07.15 Fri

July 15, 2011
Bruce Sutphin

Theme: Kilroy Was Here — Each theme answer is a familiar phrase with the letter string TAG inserted into it, creating a new wacky phrase, clued wackily.

Theme answers:

  • 20A: Gnome held against his will? (GARDEN HOSTAGE).
  • 27A: Meteorologist's view? (WEATHER VANTAGE).
  • 43A: Team equipment manager's snafu? (JERSEY SHORTAGE).
  • 51A: Stamps with nudes? (EROTIC POSTAGE).
  • 66A: Some graffiti signatures (which were used to form this puzzle's four longest answers) (TAGS).
I believe this is Bruce's debut puzzle and I think he did a great job with it. I'm pretty sure I've met Bruce before and I have this vague idea that last year at ACPT I saw him a couple times and he was wearing a t-shirt that had something to do with coffee. Am I making that up? Anyway. The theme concept is simple and well-executed. I kinda wish the TAG hadn't been at the end of the word before an E on every single theme answer, but ya know what? It's hard for me to dwell too long on any nits I might have with this puzzle when I've got JERSEY SHORTAGE staring me in the face. That's pure gold there. Literally made me LOL. I also think GARDEN HOSTAGE is pretty good. The other two? Unfortunately, meh. But any boredom they cause is totally outweighed by JERSEY SHORTAGE which, I should note, also has an outstanding clue. That's just an all-around great entry is what I'm saying.

Par for the course on a Friday, there were several entries that I just flat-out didn't know:
  • 15A: "Breaking Bad" actor __ Paul (AARON). Never heard of "Breaking Bad" or AARON Paul. I'm guessing this is something hip and current.
  • 32A: Faris of "Scary Movie" films et al. (ANNAS). Oh look! Another beautiful actress I've never heard of. I think that's three this week.
  • 3D: Arcturus, for one (RED GIANT). This was a complete mystery to me.
  • 7D: Israeli ambassador to the U.S. Michael (OREN). Guess I'm not an expert on ambassadors. I don't think I'll lose any sleep over it.
  • 14A: Head start? (IDEA). I'm not sure I fully understand this clue/answer pair.
  • 35A: Pasty (WAXEN). I tried ASHEN first.
  • 42A: Debonair neckwear (ASCOT). What's the guy's name on Scooby-Doo who wears the ascot? Freddy. I honestly can't even see the word ASCOT without immediately picturing Freddy. Wait, is that even an ASCOT he's wearing?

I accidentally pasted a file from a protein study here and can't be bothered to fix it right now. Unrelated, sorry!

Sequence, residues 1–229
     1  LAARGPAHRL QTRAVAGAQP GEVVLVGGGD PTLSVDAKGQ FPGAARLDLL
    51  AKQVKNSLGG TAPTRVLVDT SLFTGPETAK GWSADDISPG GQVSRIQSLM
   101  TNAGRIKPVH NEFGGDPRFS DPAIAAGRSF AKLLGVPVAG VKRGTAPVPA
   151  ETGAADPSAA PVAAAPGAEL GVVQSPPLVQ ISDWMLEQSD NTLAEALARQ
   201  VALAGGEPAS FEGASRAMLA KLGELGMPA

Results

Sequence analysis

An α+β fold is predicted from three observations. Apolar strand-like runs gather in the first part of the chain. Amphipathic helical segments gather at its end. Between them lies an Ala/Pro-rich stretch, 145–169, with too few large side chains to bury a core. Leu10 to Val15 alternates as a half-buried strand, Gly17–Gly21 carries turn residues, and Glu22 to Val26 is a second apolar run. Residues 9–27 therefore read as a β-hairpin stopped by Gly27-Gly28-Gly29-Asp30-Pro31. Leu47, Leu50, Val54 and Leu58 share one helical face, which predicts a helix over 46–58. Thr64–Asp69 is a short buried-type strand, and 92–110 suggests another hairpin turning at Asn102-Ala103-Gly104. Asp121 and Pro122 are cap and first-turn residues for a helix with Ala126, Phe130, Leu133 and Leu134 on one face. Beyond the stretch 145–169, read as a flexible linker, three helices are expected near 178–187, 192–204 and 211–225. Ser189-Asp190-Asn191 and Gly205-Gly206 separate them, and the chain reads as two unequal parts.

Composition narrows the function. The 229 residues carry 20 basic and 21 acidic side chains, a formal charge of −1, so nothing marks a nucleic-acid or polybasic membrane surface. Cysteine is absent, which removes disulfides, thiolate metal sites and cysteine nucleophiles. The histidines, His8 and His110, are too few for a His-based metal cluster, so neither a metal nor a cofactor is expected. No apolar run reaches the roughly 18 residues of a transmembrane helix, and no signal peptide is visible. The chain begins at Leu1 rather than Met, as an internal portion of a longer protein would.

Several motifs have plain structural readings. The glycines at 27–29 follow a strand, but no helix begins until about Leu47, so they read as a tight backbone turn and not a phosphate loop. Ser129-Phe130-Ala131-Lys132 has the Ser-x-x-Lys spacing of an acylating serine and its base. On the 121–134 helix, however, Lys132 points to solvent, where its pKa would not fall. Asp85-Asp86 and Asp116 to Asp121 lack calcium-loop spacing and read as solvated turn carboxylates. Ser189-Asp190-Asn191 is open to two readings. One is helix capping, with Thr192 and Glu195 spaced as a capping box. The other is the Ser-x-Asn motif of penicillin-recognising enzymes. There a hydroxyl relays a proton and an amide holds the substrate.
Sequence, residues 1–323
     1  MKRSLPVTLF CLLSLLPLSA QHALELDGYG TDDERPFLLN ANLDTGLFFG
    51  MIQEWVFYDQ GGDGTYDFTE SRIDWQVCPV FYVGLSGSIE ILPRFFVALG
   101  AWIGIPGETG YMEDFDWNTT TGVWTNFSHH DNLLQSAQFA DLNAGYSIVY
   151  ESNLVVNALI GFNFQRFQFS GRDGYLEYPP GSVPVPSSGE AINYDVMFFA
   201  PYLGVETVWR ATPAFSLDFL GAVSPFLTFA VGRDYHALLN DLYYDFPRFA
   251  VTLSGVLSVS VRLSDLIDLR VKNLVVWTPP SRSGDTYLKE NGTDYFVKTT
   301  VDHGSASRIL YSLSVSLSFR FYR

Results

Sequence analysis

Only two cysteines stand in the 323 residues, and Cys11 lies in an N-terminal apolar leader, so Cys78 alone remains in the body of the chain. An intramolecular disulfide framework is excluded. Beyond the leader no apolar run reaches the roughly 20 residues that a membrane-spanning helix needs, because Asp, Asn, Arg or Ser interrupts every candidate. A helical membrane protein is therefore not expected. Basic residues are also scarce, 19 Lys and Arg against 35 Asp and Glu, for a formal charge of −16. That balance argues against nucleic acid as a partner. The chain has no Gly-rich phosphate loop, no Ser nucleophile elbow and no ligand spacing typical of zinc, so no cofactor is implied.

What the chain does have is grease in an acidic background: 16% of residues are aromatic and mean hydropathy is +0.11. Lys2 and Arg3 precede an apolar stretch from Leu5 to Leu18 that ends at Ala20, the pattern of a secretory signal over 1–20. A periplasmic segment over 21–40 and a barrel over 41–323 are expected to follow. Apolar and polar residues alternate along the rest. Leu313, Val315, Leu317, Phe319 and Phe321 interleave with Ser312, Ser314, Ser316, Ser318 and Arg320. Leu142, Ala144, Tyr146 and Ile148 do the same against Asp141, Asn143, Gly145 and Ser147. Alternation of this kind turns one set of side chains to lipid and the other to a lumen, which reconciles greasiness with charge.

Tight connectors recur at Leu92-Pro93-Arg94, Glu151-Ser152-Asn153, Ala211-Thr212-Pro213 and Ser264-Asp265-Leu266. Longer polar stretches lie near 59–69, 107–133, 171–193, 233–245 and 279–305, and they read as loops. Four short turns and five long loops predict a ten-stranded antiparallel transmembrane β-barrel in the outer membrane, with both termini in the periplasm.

• 1D: Operation Neptune Spear org. (CIA). This is the name of the mission that concluded in May with Osama bin Laden's death. Like everyone else in the world, I was paying a lot of attention to the news that day, but for some reason this code name apparently got by me. I remember hearing some discussion about the code name "Geronimo" that was involved in the operation, but not the name of the operation itself. Maybe I don't pay quite as close attention as I think I do.
  • 8D: First matchmaker? (NOAH). Cute clue!
  • 10D: Part of e.g. (GRATIA). "E.g." stands for exempli GRATIA ("for example"). What's the most important thing to know about this particular abbreviation? That it's not interchangable with "i.e." They mean two totally different things. You heard it here first.
  • 30D: Beauty antecedent? (AGE). As in the phrase "age before beauty." Another great clue.
  • 37D: Eureka hrs. (PST). Eureka is a city in California that therefore observes Pacific Standard Time.
  • 42D: Two-dimensional analogue of volume (AREA). Wow. I have no idea what the words in this clue mean.
  • 53D: Whiten (PALE). Interesting. I was about to say that I didn't know PALE could be a verb, but somewhere waaay back in the cobwebs, it sounds familiar. What do you think?
Crosswordese 101 Round-up: